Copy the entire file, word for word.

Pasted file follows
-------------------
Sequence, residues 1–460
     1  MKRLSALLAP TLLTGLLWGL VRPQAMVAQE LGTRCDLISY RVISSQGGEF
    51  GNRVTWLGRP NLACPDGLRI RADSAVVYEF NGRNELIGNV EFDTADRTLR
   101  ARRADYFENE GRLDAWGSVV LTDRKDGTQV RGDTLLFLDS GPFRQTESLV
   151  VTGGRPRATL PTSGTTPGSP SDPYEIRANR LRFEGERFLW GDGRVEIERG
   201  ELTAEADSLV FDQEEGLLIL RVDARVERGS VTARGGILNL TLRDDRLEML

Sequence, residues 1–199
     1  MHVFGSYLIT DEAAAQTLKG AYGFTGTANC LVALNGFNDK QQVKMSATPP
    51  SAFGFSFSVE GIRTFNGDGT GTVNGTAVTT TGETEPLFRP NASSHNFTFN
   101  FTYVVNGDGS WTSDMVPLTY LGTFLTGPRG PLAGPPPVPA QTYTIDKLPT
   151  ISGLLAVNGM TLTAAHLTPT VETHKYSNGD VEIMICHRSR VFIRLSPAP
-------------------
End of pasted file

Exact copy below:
Sequence, residues 1–460
     1  MKRLSALLAP TLLTGLLWGL VRPQAMVAQE LGTRCDLISY RVISSQGGEF
    51  GNRVTWLGRP NLACPDGLRI RADSAVVYEF NGRNELIGNV EFDTADRTLR
   101  ARRADYFENE GRLDAWGSVV LTDRKDGTQV RGDTLLFLDS GPFRQTESLV
   151  VTGGRPRATL PTSGTTPGSP SDPYEIRANR LRFEGERFLW GDGRVEIERG
   201  ELTAEADSLV FDQEEGLLIL RVDARVERGS VTARGGILNL TLRDDRLEML

Sequence, residues 1–199
     1  MHVFGSYLIT DEAAAQTLKG AYGFTGTANC LVALNGFNDK QQVKMSATPP
    51  SAFGFSFSVE GIRTFNGDGT GTVNGTAVTT TGETEPLFRP NASSHNFTFN
   101  FTYVVNGDGS WTSDMVPLTY LGTFLTGPRG PLAGPPPVPA QTYTIDKLPT
   151  ISGLLAVNGM TLTAAHLTPT VETHKYSNGD VEIMICHRSR VFIRLSPAP